The number of people referred to hospital this year has fallen by one third, with almost five million fewer people referred for cataract, hip and knee operations and other types of surgery. 

Experts warned of a “rising tide of unmet need” with millions of people left in pain, or with worsening eyesight, because they had not received the care they needed, as lockdown set in.

The analysis by the Health Foundation shows there were 4.7 million fewer people referred for routine hospital care between January and August 2020 compared with the same period in 2019.

The charity said the figures suggest that the number referred for consultant-led, routine hospital care has fallen by 34 per cent, compared with last year.

Its experts said the figures reflected a reluctance among some patients to seek care, while GPs were unable to refer cases to some services which were suspended during lockdown.

They said the NHS would need to plan for a major spike in demand, on top of the 4.2 million already on waiting lists. 

Tim Gardner, one of the report’s authors, said: “While the NHS is rightly focused on the urgent task of fighting Covid-19, there is meanwhile a rising tide of unmet need which will have a significant impact on people’s health if a sustainable solution is not found.” 

“The NHS made significant progress towards fully reopening services after the first peak of the pandemic, but there is still a potentially huge hidden backlog, as the health service is undertaking far fewer routine procedures compared to last year.”

The Senior Policy Fellow said “radical interventions” would be needed to avoid prolonged delays for those who have not even been put on waiting lists.

The charity said more use should be made of the independent sector, with the creation of dedicated diagnostic hubs and surgery centres.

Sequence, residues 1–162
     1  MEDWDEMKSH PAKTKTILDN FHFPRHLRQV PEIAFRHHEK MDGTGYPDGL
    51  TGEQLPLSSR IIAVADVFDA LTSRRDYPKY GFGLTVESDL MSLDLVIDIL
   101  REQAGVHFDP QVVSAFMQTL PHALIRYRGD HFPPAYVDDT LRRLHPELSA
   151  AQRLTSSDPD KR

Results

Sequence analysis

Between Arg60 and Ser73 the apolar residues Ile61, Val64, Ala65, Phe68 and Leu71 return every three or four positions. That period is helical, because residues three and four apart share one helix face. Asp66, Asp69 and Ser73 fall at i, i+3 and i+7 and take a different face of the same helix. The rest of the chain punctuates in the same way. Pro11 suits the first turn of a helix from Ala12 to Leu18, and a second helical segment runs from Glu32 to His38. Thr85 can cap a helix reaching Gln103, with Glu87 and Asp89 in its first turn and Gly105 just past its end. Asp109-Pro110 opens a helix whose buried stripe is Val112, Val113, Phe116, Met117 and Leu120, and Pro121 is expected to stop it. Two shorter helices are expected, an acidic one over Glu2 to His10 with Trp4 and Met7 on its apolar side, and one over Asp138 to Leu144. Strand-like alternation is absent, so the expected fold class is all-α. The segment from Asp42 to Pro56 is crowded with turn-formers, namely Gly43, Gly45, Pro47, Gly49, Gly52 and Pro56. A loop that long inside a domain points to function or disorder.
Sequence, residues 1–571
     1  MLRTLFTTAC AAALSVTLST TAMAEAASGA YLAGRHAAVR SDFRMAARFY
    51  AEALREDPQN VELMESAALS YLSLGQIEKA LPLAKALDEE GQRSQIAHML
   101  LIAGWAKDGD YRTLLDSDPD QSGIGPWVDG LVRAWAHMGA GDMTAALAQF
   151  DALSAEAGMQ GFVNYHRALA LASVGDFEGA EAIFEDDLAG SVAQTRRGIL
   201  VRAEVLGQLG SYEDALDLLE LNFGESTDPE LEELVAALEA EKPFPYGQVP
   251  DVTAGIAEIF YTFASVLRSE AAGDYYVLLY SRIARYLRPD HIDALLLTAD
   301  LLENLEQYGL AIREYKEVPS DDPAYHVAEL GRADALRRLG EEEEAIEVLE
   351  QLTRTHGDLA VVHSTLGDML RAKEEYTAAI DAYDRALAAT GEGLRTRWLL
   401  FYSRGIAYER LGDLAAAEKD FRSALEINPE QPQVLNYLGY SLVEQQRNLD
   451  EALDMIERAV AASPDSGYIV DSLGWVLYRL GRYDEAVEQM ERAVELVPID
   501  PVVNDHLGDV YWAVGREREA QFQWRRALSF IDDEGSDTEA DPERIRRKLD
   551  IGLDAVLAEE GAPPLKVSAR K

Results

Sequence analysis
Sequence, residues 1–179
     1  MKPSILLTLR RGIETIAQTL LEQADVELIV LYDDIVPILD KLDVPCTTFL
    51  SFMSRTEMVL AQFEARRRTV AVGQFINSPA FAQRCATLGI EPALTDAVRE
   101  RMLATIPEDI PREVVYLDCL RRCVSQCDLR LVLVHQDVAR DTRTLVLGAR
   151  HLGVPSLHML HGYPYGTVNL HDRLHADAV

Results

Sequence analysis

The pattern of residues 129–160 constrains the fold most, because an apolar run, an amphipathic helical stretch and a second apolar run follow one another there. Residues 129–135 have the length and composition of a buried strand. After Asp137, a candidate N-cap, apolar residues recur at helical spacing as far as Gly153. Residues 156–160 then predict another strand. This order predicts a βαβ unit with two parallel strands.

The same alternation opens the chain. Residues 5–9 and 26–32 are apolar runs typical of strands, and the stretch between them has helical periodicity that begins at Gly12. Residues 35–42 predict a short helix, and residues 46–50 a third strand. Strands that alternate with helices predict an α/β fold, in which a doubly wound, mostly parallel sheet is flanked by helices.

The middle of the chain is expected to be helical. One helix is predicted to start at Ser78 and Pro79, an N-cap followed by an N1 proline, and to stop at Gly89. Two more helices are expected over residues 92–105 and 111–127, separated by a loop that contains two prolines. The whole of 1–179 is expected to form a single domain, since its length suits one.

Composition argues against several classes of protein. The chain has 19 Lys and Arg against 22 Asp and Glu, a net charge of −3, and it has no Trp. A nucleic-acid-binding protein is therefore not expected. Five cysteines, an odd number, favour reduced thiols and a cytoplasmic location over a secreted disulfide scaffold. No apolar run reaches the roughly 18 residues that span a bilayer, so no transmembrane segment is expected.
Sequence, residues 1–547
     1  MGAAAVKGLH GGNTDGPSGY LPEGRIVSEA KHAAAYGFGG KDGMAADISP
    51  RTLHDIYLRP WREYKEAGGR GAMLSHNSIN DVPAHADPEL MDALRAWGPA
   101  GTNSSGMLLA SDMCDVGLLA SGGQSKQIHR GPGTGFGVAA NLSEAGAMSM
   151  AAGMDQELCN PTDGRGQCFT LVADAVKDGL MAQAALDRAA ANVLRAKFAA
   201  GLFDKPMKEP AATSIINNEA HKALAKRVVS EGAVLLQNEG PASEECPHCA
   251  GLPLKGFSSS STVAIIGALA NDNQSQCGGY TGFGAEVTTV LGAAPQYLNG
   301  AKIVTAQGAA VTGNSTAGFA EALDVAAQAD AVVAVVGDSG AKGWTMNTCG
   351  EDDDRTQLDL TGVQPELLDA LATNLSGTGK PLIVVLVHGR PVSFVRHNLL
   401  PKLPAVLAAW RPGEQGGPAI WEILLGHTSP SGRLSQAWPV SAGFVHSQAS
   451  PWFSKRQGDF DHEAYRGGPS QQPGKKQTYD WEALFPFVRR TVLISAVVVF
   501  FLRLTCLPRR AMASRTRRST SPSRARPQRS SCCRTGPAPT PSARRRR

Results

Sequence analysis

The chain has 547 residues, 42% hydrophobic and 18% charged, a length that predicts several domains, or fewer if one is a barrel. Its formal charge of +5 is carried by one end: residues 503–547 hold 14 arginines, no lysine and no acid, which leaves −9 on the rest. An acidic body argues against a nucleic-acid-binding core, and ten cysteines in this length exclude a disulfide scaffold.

Previous research has suggested that Britain’s Covid crisis could lead to an extra 35,000 cancer deaths a year. Medics have raised concerns that lack of screening, late diagnosis and delayed access to life-saving treatment during the pandemic will mean extra deaths for many years to come.

Last week, a study by the Institute for Fiscal Studies found one in six people over the age of 50 had hospital treatment cancelled during the pandemic.

The new figures show that between January and August of this year, the numbers referred for trauma and orthopaedic appointments – such as hip and knee operations – fell by 42 per cent, a drop of more than 622,000 people.

Meanwhile, the numbers sent for ophthalmology appointments, such as cataract surgery, fell by 41 per cent,  representing more than 531,000 fewer people. The same period saw the numbers sent for care from neurosurgery departments fall by 29 per cent, while those sent for urology appointments dropped by 28 per cent.

Professor Neil Mortensen, President of the Royal College of Surgeons of England, said: “Suspending elective surgery during the first wave of Covid created an enormous backlog of operations, in a system which was already overstretched.

“Although frontline staff made huge efforts to get surgical services going again over the summer, it has been impossible to catch up. The latest published NHS data showed that in August 2020, more than 100,000 people had waited longer than a year for treatment.

“We now face a challenging few months, with looming winter pressures, so every option must be fully explored to keep planned surgery going. This includes using the independent sector to create additional beds and theatre capacity, as suggested by the Health Foundation.  

“Looking ahead to next year, we must establish a clear plan for the full recovery of surgery, with the money, staff and hospital facilities required to eliminate the backlog. 

“People understand that this year it’s been very hard to stop waiting lists from getting longer. But now, with expanded testing capacity and a vaccine looking imminent, we cannot accept that the ‘new normal’ means waiting a year for an operation.”

An NHS spokesperson said: “At the height of the first peak, some people chose to postpone care, but the latest figures show that hospitals are carrying out more than a million routine appointments and operations every week and the NHS message to the public has always been clear – do not delay, help us to help you by coming forward for care.

“Keeping the virus under control is key to being able to continue all routine care so it is vital that everyone plays their part by following the government guidance.”

Tracey Loftis, head of policy and public affairs at Versus Arthritis, said those waiting for “life-changing surgery” such as hip and knee operations were being left in excruciating pain even before joining the waiting list. 

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